Spotify | Apple Music

Animal Collective – Merriweather Post Pavilion

A more left-field choice for summer listening, Merriweather Post Pavilion is an alternate reality Beach Boys album had they had access to modern synthesisers and stronger LSD.

The soundtrack of a mind distorted by sturdy psychedelics and squinting sun, Animal Collective’s most ‘mainstream’ album has become a summer classic for its distant, distorted, underwater soundscapes crossed with Brian Wilson-esque melodies and harmonies.

Its sound comes from its sister album released a few years prior, Person Pitch, by group member Panda Bear, who started playing around with the power of samplers, creating novel soundscapes on the back of reverb, distortion, decay.

On first listen, it can be isolating, too spangly and strange to play around strangers at the park. By the same you’re used to it, its addictive, transforming your mind to accept entirely new fields of sound, to the point where you can’t live without it. 14 years later it sounds like it was released next year.

Spotify | Apple Music

Frank Ocean - channel ORANGE

The album that kicked off one of the biggest, yet most sparse, careers in modern music history, and one of the greatest albums of the 21st century, Frank Ocean's channel ORANGE is a record drenched in the heat of summer. 

Mimicking the sounds of beachside Northern California, Frank Ocean's airy, funky, atmospheric production had spawned whole new subgenres in the decade since its release, co-oping elements of chillwave, 70s soul, 90s RnB and neo-soul, and electronica. 

It's one of those rare albums that works cohesively despite lacking a central concept or theme, but covers difficult issues around drug use, prostitution, and class conflict over an undeniably funky and addictive soundtrack. 'Crack Rock' is especially interesting in that regard, with heavy, morally burdensome lyrics despite being a sea-side funk-dance track.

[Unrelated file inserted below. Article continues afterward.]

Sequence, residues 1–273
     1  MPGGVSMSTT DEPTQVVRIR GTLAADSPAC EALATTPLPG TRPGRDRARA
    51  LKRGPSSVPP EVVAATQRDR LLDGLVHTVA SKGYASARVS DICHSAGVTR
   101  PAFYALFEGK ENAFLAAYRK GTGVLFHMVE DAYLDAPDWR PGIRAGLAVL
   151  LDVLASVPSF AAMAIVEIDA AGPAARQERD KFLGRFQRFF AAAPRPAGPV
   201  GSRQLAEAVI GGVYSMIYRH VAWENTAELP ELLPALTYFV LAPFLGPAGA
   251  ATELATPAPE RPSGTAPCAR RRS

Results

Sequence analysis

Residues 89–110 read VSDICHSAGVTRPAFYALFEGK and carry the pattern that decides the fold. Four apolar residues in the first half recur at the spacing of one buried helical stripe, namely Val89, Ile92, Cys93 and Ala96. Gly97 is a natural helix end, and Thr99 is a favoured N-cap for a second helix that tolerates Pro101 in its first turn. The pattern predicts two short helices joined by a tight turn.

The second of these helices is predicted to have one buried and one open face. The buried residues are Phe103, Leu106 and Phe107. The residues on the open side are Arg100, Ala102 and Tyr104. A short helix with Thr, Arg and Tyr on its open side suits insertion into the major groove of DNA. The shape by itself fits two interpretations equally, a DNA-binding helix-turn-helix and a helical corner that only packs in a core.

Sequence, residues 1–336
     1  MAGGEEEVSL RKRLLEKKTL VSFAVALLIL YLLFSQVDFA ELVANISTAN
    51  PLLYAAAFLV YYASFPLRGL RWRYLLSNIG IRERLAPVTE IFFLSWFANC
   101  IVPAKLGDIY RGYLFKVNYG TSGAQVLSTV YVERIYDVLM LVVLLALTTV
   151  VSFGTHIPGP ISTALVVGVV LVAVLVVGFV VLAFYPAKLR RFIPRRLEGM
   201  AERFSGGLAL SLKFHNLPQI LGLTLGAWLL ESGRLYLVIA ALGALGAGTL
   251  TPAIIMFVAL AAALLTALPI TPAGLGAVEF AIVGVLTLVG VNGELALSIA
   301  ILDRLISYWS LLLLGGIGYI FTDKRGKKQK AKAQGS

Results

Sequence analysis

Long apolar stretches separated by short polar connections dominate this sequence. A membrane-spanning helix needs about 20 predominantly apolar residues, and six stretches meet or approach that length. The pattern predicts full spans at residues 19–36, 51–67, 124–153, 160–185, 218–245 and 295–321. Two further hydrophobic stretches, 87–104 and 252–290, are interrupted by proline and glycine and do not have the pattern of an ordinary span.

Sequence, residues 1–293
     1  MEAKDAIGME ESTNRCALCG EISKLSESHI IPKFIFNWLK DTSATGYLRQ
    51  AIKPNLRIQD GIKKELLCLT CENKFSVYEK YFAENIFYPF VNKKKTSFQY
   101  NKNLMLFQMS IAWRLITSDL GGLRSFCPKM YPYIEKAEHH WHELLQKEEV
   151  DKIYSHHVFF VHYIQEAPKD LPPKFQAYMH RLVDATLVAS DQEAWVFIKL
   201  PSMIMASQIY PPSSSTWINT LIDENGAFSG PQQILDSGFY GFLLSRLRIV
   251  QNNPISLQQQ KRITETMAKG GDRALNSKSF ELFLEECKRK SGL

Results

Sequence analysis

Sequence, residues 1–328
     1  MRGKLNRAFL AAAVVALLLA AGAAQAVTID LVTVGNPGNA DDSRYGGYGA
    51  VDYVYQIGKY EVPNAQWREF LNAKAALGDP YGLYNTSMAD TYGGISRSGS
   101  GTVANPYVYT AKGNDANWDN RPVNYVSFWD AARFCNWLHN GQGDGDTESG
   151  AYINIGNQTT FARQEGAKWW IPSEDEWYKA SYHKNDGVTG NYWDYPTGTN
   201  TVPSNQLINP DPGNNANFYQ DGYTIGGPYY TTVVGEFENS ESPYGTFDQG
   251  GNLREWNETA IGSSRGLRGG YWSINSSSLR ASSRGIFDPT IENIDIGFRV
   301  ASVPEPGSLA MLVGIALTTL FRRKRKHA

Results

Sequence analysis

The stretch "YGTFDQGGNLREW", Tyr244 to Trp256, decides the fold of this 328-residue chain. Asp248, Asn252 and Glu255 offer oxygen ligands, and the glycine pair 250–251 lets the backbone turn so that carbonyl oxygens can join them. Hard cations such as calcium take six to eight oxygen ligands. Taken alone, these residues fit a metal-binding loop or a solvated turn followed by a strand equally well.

And his voice, there is just so much freedom in his vocals. He alternates between high falsetto and straight up rap, all executed with a high level of professionalism and passion. Alternating between utterly-heart wrenching and downright black comedy, Ocean here proved that he could do it all.

Khruangbin – Mordechai

Released in the confusing and boiling 2020 summer, Mordechai became a soundtrack for the garden-penned layabouts of Covid.

Although ‘Time/You and I’ was written well before Covid had left the food market, it took on a new meaning upon its release: “That’s life/ If we had more time/ We could live forever”, hitting different when all that time was taken away from us in the prime of our lives.

It made everything okay for a while, putting a frustrated generation under with a well-needed anaesthetic.

Devoid of genre but a cup running over with style and groove, Khruangbin had never made a bad track before this and still haven’t yet after. If it could chill us out in the summer of greatest uncertainty, it can chill us out now.

Spotify | Apple Music

Honourable Mentions: 

The Sweet Enoughs - Marshmellow

Nick Drake - Bryter Layter 

George Benson - The Shape of Things to Come

Kaytranada - 99.9%

Bobbi Humphrey - Blacks and Blues

Roy Ayers - Everybody Loves the Sunshine